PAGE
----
I don’t really know what to make of Cheryl’s career any more. She can release anything and it will always perform reasonably well. ‘Crazy Stupid Love’, from her 4th studio album Only Human, is an incredibly generic Cheryl anthem. The percussion is adequately stompy, with some claps thrown in for good measure. She’s singing about love being a bit naff and there is even a cameo from Tinie Tempah, complete with his signature synths featuring tragically low in the mix. She has even thrown in some ‘na na nas’ and an ugly horn riff. So far, you’d think it had all the ingredients to a pretty good Number 1, but the truth is that it has all been delivered in such an underwhelming manner. There is no bassline, the song sounds fragile, and it seems to be constantly building up to some sort of big drop that just never arrives.
My verdict of ‘Crazy Stupid Love’ is this; it fails to stand out, it’s so incredibly average and I just can’t imagine it being played much on commercial radio stations next year. Jack Elliott
Best Live Musical Moment of the Year
- Mac Demarco arrested during a performance at UC Santa Barbara – 16th November
- Outkast’s reunion at Coachella – 11th April
- Foo Fighters close Invictus Games – 14th September
- Kanye West’s rant at Wireless Festival, London – 4th July
Kanye West’s rant at Wireless Festival, London – 4th July
Are there any controversial incidents in music that do not, in time, become timeless and iconic? Hitler salutes from David Bowie and actual deaths in Rolling Stones concerts have, rather than dented the popularity of these artists, only served to make them even more notorious, and have become defining aspects of their careers. That’s why, as I walked away from the stage at Wireless after Kanye West’s set, where he had sacrificed 20 minutes to go on a rant about pretty much everything that goes on in his mind, I couldn’t believe that I was hearing people complain about the fact that he didn’t perform ‘Gold Digger’.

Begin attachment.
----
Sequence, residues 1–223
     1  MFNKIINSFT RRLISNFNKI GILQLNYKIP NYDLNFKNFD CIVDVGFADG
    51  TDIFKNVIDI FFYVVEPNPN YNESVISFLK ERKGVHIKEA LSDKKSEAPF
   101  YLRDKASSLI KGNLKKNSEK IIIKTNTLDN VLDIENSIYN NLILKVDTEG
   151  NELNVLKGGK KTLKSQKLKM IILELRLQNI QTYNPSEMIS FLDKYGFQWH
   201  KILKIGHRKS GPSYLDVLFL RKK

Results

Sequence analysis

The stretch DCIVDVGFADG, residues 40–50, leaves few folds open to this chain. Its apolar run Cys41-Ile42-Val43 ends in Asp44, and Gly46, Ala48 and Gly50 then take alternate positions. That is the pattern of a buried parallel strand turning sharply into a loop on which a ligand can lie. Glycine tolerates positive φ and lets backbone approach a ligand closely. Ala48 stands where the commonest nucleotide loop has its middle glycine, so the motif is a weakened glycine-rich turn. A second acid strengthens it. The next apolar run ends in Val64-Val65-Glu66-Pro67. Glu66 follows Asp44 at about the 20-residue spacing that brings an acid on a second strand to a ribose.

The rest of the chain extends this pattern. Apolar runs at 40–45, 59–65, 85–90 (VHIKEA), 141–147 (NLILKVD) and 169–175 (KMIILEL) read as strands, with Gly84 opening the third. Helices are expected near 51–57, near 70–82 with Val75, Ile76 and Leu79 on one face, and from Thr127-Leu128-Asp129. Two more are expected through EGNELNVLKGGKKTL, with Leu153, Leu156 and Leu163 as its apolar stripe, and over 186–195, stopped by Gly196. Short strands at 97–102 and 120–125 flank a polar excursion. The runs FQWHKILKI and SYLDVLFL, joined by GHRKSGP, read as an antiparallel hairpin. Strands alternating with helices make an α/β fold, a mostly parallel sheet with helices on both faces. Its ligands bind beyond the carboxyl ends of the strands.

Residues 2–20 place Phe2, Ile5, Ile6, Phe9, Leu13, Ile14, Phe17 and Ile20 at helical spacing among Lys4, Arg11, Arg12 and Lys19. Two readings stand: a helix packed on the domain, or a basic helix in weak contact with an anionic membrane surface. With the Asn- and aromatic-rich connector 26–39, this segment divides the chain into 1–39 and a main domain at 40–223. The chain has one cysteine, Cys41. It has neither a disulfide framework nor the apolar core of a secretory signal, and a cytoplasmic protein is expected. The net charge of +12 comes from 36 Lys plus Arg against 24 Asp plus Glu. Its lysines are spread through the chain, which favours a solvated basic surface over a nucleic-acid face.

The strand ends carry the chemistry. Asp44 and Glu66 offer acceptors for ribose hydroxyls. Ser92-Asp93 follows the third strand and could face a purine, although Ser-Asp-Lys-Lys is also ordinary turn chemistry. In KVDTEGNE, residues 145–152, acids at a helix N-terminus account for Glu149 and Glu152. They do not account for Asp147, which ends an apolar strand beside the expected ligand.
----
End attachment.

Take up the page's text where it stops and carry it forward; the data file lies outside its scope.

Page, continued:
Here is an artist whose contradictions, opinions and struggles as a celebrity have defined his groundbreaking and brilliant music, and yet, when he layed himself bare he was rejected by the majority of the crowd. In time, however, his willingness to speak out so passionately will make this moment one of the most unforgettable ones of his career: beyond his obsessive ranting about brands like Nike and Louis Vuitton, there is actually a genuinely positive message. “Don’t let nobody tell you what you can do”, he sings – maybe he focuses his rants on himself too much, but I for one am glad I heard him sing that live rather than perform Gold Digger, and in time everyone else will be too. Christoph Macdowall
Most Overplayed Song of the Year
- Pharrell – “Happy”
- Magic! – “Rude”
- Pitbull feat. Kesha – “Timber”
- 5 Seconds of Summer – “She Looks So Perfect”
- Meghan Trainor – “All About That Bass”
Magic! – “Rude”